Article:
Scientists say you have three seconds to cement an idea or puff, there it goes, evaporating into the ether. This has happened so often to me recently that I’m beginning to think the three seconds is generous.
A most perfect thought pops into my sub-consciousness and I grasp at its tendrils, reigning it in with the power of my conscious brain. I rise from the sofa and head towards my notebook. Once present in the real world, it will be safe, cosseted and nurtured; when suddenly another idea ignites and detonates in my head.
The original thought explodes quietly into smithereens. Deep within my head I flail around for the slightest hint or image of my idea. It’s there, hidden behind the dust cloud of destruction. If only I can reach that bit further. The debris is clearing, I’m sure of it, think and think again. My eyes are closed tight, head is bowed in concentration.
No, it’s gone. Irretrievable. At least, I have the new thought to hand though. Haven’t I? What? What was it again?…Nooo…
Luckily many of my ideas do make it to fruition although I seem to have rather a scattergun effect of ideas. Various words or images will create a series of ideas which I hastily jot down. An old man’s lop-sided gait, witnessed in town, became central to a short story. A pair of hand-repaired spectacles, recalled from childhood, featured in a chapter, highlighting the character’s despair and worry. Like many writers most of my ideas will remain known only to myself, until they have been moulded into a short story or such. Only then will I show the first draft to friends.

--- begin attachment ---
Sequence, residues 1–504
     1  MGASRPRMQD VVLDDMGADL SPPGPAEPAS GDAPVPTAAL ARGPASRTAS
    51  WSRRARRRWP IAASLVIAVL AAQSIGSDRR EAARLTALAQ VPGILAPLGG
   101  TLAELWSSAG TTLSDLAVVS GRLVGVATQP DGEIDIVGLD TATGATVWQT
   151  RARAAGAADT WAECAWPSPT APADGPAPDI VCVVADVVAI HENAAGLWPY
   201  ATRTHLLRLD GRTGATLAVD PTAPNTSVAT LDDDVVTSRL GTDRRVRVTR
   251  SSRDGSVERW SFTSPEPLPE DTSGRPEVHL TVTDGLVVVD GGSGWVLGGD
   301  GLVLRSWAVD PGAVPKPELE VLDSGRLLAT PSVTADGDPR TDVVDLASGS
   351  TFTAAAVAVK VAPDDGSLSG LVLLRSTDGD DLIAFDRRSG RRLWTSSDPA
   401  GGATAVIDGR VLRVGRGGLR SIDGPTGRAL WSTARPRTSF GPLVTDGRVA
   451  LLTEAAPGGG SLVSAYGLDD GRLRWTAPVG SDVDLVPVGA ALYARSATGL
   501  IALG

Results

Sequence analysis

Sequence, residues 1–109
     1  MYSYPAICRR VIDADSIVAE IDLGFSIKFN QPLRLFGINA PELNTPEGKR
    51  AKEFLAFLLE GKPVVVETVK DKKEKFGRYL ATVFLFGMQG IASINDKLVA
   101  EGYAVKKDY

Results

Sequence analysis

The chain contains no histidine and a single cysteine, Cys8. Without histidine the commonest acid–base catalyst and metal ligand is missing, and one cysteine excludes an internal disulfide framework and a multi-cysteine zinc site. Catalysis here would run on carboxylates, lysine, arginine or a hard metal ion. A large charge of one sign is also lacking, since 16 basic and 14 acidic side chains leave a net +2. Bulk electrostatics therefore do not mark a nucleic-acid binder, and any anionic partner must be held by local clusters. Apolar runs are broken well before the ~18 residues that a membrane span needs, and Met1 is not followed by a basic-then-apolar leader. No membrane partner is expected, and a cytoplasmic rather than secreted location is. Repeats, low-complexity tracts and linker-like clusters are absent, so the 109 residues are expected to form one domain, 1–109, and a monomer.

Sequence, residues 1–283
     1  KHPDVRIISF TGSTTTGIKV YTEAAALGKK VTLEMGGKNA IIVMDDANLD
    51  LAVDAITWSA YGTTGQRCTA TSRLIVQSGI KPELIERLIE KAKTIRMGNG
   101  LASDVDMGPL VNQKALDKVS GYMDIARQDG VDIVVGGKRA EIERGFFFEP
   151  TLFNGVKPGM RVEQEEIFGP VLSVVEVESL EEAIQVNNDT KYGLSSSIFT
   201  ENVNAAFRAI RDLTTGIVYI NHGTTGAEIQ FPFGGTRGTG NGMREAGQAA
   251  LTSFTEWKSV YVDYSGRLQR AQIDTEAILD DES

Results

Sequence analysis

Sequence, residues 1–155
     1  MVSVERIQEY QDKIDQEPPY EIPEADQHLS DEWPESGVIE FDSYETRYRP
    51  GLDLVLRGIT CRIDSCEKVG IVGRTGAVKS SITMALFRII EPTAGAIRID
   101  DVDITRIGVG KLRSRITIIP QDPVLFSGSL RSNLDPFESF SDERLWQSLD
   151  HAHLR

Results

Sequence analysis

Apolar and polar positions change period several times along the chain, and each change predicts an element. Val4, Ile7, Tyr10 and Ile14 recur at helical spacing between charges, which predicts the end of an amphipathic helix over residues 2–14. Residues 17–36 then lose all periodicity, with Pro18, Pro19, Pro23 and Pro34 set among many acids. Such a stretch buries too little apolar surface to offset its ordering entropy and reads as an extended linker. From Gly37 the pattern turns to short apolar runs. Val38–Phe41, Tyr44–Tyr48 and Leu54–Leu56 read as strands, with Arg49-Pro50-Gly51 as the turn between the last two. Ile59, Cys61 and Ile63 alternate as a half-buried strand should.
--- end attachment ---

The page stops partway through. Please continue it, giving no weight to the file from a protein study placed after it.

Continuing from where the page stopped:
Ideas are fragile things and can easily be killed off by the slightest shrug of the shoulders, the questioning bemused look of a friend. That poor idea that could be so vital to the writing and lead onto new paths decimated by well-meaning.
So, catch your ideas, nurse them, mould them. Once they turn into a piece of writing, then happily share. Not before though.
Happy Fishing and May Your Thoughts Bite Aplenty.
A new idea is delicate. It can be killed by a sneer or a yawn; it can be stabbed to death by a quip and worried to death by a frown on the right man’s brow.